I did love that Booksmart was goofier than expected and has elements of genuine “gross” humour that’s usually reserved for the boys. And it’s actually very funny. (For example, a scene involving the world’s most uncomfortable Lyft ride with an expected driver.) But in the same film, you get poignant scenes of self-discovery, such as the dreamy pool sequence that comes late in the film, and the chain reaction of emotional unspooling that follows it.

No doubt driven by her experience as an actress herself, Wilde lets her leads have some wonderfully genuine, intimate moments as it goes along, which I was a bit afraid wasn’t going to happen during the film’s fairly broad first act. But it sneaks up on you. Dever, in particular, gives a performance that is stunningly natural and that grows to something pretty spectacular. That won’t surprise anyone who has seen her previous work in Short Term 12 or Men, Women and Children, but Booksmart shows a next level of growth from her and is the perfect showcase for her skills.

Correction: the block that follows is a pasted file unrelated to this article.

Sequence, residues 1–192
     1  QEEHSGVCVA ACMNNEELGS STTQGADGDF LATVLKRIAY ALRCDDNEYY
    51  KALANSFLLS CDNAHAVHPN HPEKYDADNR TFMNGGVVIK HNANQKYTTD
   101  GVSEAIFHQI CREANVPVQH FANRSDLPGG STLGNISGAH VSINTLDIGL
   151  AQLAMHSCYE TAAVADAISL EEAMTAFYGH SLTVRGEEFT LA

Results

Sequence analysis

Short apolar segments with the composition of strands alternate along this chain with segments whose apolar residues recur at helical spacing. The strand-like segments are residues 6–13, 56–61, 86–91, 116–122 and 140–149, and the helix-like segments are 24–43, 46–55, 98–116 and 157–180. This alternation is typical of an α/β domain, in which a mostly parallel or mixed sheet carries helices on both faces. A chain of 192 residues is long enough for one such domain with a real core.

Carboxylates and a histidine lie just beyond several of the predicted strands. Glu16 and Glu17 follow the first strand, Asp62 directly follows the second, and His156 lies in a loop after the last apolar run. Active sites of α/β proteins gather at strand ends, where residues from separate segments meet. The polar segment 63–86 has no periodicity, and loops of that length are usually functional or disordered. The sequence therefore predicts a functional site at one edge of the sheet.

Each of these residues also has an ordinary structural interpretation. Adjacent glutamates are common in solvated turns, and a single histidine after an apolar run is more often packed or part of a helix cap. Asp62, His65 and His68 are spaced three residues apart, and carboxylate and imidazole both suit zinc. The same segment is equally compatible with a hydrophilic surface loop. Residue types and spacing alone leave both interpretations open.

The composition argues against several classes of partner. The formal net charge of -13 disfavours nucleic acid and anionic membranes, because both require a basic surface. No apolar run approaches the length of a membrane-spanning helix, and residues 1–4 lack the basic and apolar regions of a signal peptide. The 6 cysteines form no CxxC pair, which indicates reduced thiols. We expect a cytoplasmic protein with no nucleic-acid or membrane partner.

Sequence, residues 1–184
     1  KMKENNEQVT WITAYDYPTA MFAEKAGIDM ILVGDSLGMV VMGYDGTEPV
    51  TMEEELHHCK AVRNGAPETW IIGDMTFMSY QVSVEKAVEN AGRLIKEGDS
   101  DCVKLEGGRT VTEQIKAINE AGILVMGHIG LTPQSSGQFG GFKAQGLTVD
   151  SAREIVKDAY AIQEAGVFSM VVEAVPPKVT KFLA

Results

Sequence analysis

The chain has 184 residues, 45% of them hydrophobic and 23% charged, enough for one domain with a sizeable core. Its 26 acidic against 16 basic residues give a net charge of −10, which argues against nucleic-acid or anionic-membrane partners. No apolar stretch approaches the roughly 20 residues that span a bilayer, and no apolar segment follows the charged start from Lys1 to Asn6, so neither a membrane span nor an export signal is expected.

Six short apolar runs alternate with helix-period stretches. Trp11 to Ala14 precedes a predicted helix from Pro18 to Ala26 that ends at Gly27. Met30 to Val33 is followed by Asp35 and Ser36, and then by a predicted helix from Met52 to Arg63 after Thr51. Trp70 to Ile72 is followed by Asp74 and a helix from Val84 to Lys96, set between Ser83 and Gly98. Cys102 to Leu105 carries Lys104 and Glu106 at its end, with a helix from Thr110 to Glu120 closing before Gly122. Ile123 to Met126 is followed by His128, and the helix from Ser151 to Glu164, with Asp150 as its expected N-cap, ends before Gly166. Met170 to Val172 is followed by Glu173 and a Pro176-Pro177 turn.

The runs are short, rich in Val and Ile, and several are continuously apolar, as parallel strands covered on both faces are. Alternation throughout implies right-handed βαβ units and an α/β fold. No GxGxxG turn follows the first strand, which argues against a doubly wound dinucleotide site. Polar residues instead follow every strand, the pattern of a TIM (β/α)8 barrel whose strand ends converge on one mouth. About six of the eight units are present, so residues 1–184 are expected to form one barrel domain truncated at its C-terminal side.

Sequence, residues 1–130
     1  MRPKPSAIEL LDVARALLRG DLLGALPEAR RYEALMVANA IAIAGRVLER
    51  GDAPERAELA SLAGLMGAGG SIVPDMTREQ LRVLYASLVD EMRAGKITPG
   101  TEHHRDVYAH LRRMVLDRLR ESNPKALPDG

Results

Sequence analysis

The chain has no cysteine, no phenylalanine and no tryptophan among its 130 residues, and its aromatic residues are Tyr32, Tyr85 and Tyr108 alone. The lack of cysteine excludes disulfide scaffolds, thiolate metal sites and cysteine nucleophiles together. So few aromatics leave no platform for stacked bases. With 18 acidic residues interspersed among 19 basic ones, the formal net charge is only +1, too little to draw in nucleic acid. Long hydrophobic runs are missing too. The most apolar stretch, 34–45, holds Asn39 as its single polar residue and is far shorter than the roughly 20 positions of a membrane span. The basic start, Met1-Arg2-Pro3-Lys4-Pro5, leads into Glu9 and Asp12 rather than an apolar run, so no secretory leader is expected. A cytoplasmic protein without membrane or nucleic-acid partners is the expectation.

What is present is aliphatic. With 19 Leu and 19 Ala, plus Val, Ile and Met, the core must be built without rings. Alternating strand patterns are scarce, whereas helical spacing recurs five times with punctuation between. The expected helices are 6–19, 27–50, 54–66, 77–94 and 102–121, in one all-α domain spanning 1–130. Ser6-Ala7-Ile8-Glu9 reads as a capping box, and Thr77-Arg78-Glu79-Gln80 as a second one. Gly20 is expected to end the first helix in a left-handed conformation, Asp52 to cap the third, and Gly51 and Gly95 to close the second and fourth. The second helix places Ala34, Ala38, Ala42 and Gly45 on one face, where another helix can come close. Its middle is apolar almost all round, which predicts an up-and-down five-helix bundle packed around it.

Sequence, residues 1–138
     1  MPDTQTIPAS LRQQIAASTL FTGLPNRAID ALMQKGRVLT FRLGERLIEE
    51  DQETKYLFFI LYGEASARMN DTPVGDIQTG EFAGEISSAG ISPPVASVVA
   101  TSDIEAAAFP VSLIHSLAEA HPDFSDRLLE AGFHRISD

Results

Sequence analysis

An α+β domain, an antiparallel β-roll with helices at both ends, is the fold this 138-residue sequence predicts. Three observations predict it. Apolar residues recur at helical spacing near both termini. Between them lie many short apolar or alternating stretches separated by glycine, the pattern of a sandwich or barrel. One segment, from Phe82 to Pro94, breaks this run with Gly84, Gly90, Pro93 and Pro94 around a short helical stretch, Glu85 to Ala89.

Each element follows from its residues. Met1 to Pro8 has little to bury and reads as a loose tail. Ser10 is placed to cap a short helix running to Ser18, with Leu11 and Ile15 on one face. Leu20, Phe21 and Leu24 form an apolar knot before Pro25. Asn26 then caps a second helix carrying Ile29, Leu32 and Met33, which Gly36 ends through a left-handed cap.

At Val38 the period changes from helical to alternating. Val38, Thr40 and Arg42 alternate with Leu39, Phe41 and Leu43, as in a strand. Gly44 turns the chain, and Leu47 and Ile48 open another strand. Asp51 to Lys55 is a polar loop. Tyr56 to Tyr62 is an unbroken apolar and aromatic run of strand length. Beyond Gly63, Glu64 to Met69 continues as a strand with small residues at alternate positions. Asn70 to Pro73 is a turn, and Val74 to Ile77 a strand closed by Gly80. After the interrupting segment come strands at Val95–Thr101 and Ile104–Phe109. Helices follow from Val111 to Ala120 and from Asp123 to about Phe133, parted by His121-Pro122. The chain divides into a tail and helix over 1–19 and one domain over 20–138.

The supporting characters were a bit more hit-or-miss for me. I loved everything about the ridiculously wannabe-bro Jared (Skyler Gisondo), yet the unstable socialite Gigi (Billie Lourde) never really clicked into gear for me.

The best scenes, though, are undeniably the ones between its two central characters. Their friendship — and the honesty with which it is written — is what really makes Booksmart soar. The intricacies, goofiness, and complications of that kind of friendship are all perfectly on display. And set over the course of one night and told within a 90-minute film, no less. Whether or not you’re a woman and whether or not you’ve had that sort of ride-or-die friendship in your life, it’s a rare, special pleasure to watch it play out on screen.